Overview

The MPH degree program trains students in the fundamentals of public health genetics within the context of law, ethics, and policy. The degree requirements include course work in epidemiology, biostatistics, health services, environmental health, law, ethics, and sociocultural aspects of public health genetics; a practice experience (practicum); and completion of a research-based Master’s thesis. The program is designed to be completed in approximately two years. 

Prospective students are expected to have a bachelor’s degree and an excellent academic record with prior coursework (equivalent to GENOME 371 and GENOME 372), research experience, or training in human genetics or molecular biology. Prospective students not meeting these qualifications are urged to complete GENOME 371 and GENOME 372 or equivalent courses prior to application submission. For information about admissions and financial aid, see our Prospective Students page.

MPH Curriculum

Program Outline

The MPH degree requires a minimum of 63-credit-hours, typically completed in six quarters of coursework (2 years). The program begins in the autumn quarter and requires on-site attendance for the majority of the program. You and your peers will move through the core requirements together. 

Learning Objectives

Upon satisfactory completion of a Master of Public Health in Public Health Genetics, graduates will be able to:

1. Meet the competencies established by the School of Public Health (SPH) and the Council on Education for Public Health (CEPH) for all MPH students.

2. Meet the core competencies established by the Institute for Public Health Genetics for all Public Health Genetics (MPH) students in knowledge areas A and B:

  • Knowledge Area A: Genomics in Public Health
    • Apply knowledge of inheritance and genomic advances, including cellular and molecular mechanisms and technical developments, to understanding the etiology of a variety of rare and common, complex diseases and health conditions
    • Apply epidemiological and statistical approaches to the study of risk factors and diseases with genetic component
    • Identify interactions among genes, environmental factors, and behaviors, and their roles in health and disease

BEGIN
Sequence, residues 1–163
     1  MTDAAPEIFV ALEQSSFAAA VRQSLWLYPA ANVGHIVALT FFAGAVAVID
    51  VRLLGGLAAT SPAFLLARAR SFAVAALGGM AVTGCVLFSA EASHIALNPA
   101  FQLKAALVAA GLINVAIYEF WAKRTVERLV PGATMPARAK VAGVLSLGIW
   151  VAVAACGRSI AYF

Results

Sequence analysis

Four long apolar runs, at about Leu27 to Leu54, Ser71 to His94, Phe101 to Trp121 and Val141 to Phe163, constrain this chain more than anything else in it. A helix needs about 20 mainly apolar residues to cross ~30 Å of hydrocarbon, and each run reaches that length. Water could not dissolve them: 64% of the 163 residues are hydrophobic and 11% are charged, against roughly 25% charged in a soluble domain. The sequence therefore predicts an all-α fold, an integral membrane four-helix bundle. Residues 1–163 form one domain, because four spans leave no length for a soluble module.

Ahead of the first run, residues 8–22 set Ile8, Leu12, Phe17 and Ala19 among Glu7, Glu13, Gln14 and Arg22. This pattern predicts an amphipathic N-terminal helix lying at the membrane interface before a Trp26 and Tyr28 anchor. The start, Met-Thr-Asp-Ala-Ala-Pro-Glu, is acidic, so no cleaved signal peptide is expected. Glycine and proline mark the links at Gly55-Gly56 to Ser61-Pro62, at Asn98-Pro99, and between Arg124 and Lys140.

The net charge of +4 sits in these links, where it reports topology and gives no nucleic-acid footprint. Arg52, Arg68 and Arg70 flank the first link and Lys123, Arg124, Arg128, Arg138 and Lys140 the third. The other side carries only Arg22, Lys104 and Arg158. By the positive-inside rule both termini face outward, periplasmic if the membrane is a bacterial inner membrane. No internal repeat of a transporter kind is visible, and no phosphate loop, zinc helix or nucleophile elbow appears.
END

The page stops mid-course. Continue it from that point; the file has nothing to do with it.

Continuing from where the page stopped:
• Describe how genetic principles and genomic technologies apply to diagnosis, screening, and interventions for disease prevention and health promotion programs
  • Knowledge Area B: Implications of Genetics for Society
    • Identify the impact of genomics on the public health activities of assessment, policy development and assurance
    • Apply methods to address ethical implications of the use of genetic information and technologies in public health
    • Describe legal concepts and the role of the law in the development of policies relating to genetics and genomics; and identify legal implications of the application of genetics and genomic technologies in public health
    • Apply knowledge of key social science concepts in analysis of the political, social and cultural forces that influence the research and clinical application of genetic and genomic technology in public health
    • Analyze in interaction and impact of market forces and public policy on the development and delivery of genetic services

MPH Course Requirements in Public Health Genetics

Curricular updates for 2020

Beginning in the autumn of 2020, the MPH programs in all UW School of Public Health departments will introduce a new common core curriculum. These exciting changes will provide students with rigorous, cutting-edge instruction, and integration of research and practice skills in preparation for career success. 

Curricular Overview

Summary of Required Coursework (63-credits)

  • 23 credits of graded MPH Core
  • 15 credits of graded PHG core courses
  • 7 credits of approved electives
  • 6 credits of the PHG Seminar
  • 3 credits of the Master’s Practicum
  • 9 credits of Master’s Thesis

Schedule of Coursework

A typical course of study is outlined below. Actual student schedules can vary depending on personal and academic factors. 

1st Autumn

  • PHI 511 – Foundations of Public Health (3 CR)
  • PHI 512 – Analytic Skills for Public Health I (7 CR)
  • PHG 512 – Legal, Ethical, and Social Issues in Public Health Genetics (3 CR)
  • PHG 580 – PHG Seminar (1 CR)

1st Winter

  • PHI 513 – Analytic Skills for Public Health II (3 CR)
  • PHG 513 – Basic Concepts in Pharmacogenetics and Toxicogenomics (3 CR)
  • PHG 523 – Genetics and the Law (3 CR)
  • PHG 580 – PHG Seminar (1 CR)

1st Spring

  • PHI 515 – Implementing Public Health Interventions (4 CR)
  • PHG 511 – Genetic Epidemiology (3 CR)
  • PHG 527 – Social Science Research Methods (3 CR)
  • PHG 580 – PHG Seminar (1 CR)

1st Summer

  • MPH Practicum Experience Completed

2nd Autumn

  • PHG 595 – Master’s Practicum (3 CR)
  • PHG 580 – PHG Seminar (1 CR)
  • PHG 700 – Master’s Thesis (1-9 CR)

2nd Winter

  • PHI 514 – Determinants of Health (3 CR)
  • PHG 580 – PHG Seminar (1 CR)
  • PHG 700 – Master’s Thesis (1-9 CR)

2nd Spring

  • PHI 516 – Public Health Practice (3 CR)
  • PHG 580 – PHG Seminar (1 CR)
  • PHG 700 – Master’s Thesis (1-9 CR)

MPH students must also complete a minimum of 7-credits of approved Elective coursework. Electives are generally completed in the second year of study. 

Questions

If you have additional questions, please contact us